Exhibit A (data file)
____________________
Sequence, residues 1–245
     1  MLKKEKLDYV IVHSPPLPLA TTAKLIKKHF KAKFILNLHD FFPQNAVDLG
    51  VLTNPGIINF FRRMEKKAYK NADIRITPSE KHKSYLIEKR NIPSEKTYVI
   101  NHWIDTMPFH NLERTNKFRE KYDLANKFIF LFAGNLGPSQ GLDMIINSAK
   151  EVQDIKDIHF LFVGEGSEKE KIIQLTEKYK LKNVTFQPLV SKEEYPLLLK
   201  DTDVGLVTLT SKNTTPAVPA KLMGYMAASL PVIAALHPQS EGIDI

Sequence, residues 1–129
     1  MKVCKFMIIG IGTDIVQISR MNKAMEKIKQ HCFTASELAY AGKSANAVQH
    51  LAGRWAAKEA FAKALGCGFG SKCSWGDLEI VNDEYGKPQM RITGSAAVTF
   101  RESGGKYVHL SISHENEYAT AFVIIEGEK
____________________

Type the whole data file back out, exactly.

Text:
Sequence, residues 1–245
     1  MLKKEKLDYV IVHSPPLPLA TTAKLIKKHF KAKFILNLHD FFPQNAVDLG
    51  VLTNPGIINF FRRMEKKAYK NADIRITPSE KHKSYLIEKR NIPSEKTYVI
   101  NHWIDTMPFH NLERTNKFRE KYDLANKFIF LFAGNLGPSQ GLDMIINSAK
   151  EVQDIKDIHF LFVGEGSEKE KIIQLTEKYK LKNVTFQPLV SKEEYPLLLK
   201  DTDVGLVTLT SKNTTPAVPA KLMGYMAASL PVIAALHPQS EGIDI

Sequence, residues 1–129
     1  MKVCKFMIIG IGTDIVQISR MNKAMEKIKQ HCFTASELAY AGKSANAVQH
    51  LAGRWAAKEA FAKALGCGFG SKCSWGDLEI VNDEYGKPQM RITGSAAVTF
   101  RESGGKYVHL SISHENEYAT AFVIIEGEK